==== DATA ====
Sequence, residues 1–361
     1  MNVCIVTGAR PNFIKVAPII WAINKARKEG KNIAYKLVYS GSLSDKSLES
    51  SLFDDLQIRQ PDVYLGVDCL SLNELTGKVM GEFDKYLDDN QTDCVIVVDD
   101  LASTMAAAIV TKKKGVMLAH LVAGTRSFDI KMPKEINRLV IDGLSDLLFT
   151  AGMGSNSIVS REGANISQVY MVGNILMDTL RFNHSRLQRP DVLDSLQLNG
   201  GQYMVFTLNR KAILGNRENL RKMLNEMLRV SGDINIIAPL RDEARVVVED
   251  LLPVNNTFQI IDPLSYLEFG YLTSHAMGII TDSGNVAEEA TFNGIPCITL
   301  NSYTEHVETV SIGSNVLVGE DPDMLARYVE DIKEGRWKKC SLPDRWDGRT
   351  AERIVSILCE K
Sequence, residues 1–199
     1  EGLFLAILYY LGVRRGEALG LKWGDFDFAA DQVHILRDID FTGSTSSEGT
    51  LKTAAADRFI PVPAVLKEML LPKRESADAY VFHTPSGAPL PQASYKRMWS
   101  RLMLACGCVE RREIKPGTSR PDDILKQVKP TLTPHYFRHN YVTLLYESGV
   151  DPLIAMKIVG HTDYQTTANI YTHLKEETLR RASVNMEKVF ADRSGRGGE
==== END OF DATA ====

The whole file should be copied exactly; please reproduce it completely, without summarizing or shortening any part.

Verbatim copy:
Sequence, residues 1–361
     1  MNVCIVTGAR PNFIKVAPII WAINKARKEG KNIAYKLVYS GSLSDKSLES
    51  SLFDDLQIRQ PDVYLGVDCL SLNELTGKVM GEFDKYLDDN QTDCVIVVDD
   101  LASTMAAAIV TKKKGVMLAH LVAGTRSFDI KMPKEINRLV IDGLSDLLFT
   151  AGMGSNSIVS REGANISQVY MVGNILMDTL RFNHSRLQRP DVLDSLQLNG
   201  GQYMVFTLNR KAILGNRENL RKMLNEMLRV SGDINIIAPL RDEARVVVED
   251  LLPVNNTFQI IDPLSYLEFG YLTSHAMGII TDSGNVAEEA TFNGIPCITL
   301  NSYTEHVETV SIGSNVLVGE DPDMLARYVE DIKEGRWKKC SLPDRWDGRT
   351  AERIVSILCE K
Sequence, residues 1–199
     1  EGLFLAILYY LGVRRGEALG LKWGDFDFAA DQVHILRDID FTGSTSSEGT
    51  LKTAAADRFI PVPAVLKEML LPKRESADAY VFHTPSGAPL PQASYKRMWS
   101  RLMLACGCVE RREIKPGTSR PDDILKQVKP TLTPHYFRHN YVTLLYESGV
   151  DPLIAMKIVG HTDYQTTANI YTHLKEETLR RASVNMEKVF ADRSGRGGE